Dr. Ben Chapman is an associate professor and food safety extension specialist at North Carolina State University. As a teenager, a Saturday afternoon viewing of the classic cable movie, Outbreak, sparked his interest in pathogens and public health. With the goal of less foodborne illness, his group designs, implements, and evaluates food safety strategies, messages, and media from farm-to-fork. Through reality-based research, Chapman investigates behaviors and creates interventions aimed at amateur and professional food handlers, managers, and organizational decision-makers; the gate keepers of safe food. Ben co-hosts a biweekly podcast called Food Safety Talk and tries to further engage folks online through Instagram, Twitter, Facebook, YouTube and, maybe not surprisingly, Pinterest. Follow on Twitter @benjaminchapman.
This episode has you covered from the top of your head to the tips of your lucky socks. Ben and Don dig into some 1980’s culture and shoot forward into the food on the future, and then back again. It’s a food (and pet) safety grab bag covering pineapple safety, hand sizes and hand sanitizers, safe raw cookie dough, rats, turtles, milk from camels, microgreens and toilet history.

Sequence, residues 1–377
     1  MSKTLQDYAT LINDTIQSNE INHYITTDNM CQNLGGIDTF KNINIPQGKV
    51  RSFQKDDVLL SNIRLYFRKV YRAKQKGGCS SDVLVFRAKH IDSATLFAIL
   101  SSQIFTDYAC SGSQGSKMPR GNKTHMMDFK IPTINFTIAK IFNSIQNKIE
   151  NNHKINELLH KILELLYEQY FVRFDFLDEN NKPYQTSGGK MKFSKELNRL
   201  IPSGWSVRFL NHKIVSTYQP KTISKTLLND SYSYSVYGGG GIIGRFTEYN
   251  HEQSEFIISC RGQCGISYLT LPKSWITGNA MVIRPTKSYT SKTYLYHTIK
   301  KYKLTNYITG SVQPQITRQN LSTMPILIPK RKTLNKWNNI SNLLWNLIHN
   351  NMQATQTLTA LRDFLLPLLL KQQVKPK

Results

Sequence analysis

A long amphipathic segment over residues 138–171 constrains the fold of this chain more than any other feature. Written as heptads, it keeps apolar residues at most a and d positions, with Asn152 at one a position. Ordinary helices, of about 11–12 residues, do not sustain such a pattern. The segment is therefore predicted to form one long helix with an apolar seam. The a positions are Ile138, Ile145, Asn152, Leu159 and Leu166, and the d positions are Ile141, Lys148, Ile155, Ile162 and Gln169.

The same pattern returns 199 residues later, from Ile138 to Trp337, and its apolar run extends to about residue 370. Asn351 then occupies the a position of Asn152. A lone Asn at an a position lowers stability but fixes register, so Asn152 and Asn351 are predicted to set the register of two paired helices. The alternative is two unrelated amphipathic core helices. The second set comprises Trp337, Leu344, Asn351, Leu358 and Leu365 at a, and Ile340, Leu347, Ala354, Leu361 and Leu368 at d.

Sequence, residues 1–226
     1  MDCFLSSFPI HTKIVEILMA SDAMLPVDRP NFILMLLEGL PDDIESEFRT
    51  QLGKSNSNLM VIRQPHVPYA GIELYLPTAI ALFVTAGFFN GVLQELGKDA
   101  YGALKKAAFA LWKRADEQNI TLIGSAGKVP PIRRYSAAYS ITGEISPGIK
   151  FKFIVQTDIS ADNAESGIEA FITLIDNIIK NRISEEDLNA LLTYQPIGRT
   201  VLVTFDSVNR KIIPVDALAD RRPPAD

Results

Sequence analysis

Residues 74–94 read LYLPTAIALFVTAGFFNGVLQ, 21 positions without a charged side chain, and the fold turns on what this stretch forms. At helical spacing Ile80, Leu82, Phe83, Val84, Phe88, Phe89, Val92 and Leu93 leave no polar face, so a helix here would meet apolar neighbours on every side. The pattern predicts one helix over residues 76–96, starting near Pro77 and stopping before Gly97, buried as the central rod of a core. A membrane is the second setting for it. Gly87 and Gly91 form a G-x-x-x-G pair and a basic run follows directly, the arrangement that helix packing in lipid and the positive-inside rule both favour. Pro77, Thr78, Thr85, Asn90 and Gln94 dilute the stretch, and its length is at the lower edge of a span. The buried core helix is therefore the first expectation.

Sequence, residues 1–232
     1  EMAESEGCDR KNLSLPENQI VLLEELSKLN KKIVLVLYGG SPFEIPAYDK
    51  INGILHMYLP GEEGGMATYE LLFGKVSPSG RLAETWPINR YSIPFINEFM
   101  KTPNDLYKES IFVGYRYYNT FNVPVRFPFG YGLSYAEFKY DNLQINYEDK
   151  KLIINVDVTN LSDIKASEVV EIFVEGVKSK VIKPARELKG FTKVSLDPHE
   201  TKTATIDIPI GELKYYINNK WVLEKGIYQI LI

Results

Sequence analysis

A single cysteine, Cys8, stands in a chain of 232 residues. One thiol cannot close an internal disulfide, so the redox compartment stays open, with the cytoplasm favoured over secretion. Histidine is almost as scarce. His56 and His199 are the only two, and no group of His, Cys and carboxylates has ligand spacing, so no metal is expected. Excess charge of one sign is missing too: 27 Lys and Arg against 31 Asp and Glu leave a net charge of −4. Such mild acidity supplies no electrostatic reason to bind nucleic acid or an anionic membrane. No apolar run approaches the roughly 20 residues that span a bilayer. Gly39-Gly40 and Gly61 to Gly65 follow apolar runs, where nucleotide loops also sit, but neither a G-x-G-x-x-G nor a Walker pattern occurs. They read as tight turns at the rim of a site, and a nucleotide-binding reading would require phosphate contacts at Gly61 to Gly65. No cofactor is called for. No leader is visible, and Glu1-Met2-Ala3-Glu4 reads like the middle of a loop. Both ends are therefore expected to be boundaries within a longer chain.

Ben and Don talk about stuff they are watching, good kid movies and some food safety stuff. The pathogen conversation moves from listener feedback about oysters and couscous; to raw meat for pets; hazelnuts and Salmonella; and, sucking pathogens out of Chipotle air.
Served gratis and according to your host’s selection alone, we offer up this post-holiday treat for your listening pleasure. Don and Ben talk about Carrie Fisher, barfblog, eating off of iPads, raw milk in vending machines and Vibrio performance standards in molluscan shellfish.